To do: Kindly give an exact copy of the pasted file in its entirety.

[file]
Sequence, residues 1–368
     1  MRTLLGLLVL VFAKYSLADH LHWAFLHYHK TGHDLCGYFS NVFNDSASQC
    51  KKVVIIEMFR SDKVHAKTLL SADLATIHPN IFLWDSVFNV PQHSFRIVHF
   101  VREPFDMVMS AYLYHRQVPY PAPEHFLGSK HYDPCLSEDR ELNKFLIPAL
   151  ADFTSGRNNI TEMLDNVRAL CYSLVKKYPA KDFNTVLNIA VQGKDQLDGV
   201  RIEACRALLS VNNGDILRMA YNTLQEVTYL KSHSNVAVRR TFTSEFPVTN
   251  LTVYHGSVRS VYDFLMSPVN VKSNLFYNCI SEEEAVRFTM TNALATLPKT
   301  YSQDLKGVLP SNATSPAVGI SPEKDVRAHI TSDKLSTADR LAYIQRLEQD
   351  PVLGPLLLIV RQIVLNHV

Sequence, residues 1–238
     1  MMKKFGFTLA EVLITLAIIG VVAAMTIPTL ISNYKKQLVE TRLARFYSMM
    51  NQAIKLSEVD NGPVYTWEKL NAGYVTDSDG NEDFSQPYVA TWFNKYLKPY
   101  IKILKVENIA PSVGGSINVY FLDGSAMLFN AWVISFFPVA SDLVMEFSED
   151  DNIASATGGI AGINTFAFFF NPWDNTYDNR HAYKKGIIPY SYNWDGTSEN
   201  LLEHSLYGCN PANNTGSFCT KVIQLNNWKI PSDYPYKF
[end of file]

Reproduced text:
Sequence, residues 1–368
     1  MRTLLGLLVL VFAKYSLADH LHWAFLHYHK TGHDLCGYFS NVFNDSASQC
    51  KKVVIIEMFR SDKVHAKTLL SADLATIHPN IFLWDSVFNV PQHSFRIVHF
   101  VREPFDMVMS AYLYHRQVPY PAPEHFLGSK HYDPCLSEDR ELNKFLIPAL
   151  ADFTSGRNNI TEMLDNVRAL CYSLVKKYPA KDFNTVLNIA VQGKDQLDGV
   201  RIEACRALLS VNNGDILRMA YNTLQEVTYL KSHSNVAVRR TFTSEFPVTN
   251  LTVYHGSVRS VYDFLMSPVN VKSNLFYNCI SEEEAVRFTM TNALATLPKT
   301  YSQDLKGVLP SNATSPAVGI SPEKDVRAHI TSDKLSTADR LAYIQRLEQD
   351  PVLGPLLLIV RQIVLNHV

Sequence, residues 1–238
     1  MMKKFGFTLA EVLITLAIIG VVAAMTIPTL ISNYKKQLVE TRLARFYSMM
    51  NQAIKLSEVD NGPVYTWEKL NAGYVTDSDG NEDFSQPYVA TWFNKYLKPY
   101  IKILKVENIA PSVGGSINVY FLDGSAMLFN AWVISFFPVA SDLVMEFSED
   151  DNIASATGGI AGINTFAFFF NPWDNTYDNR HAYKKGIIPY SYNWDGTSEN
   201  LLEHSLYGCN PANNTGSFCT KVIQLNNWKI PSDYPYKF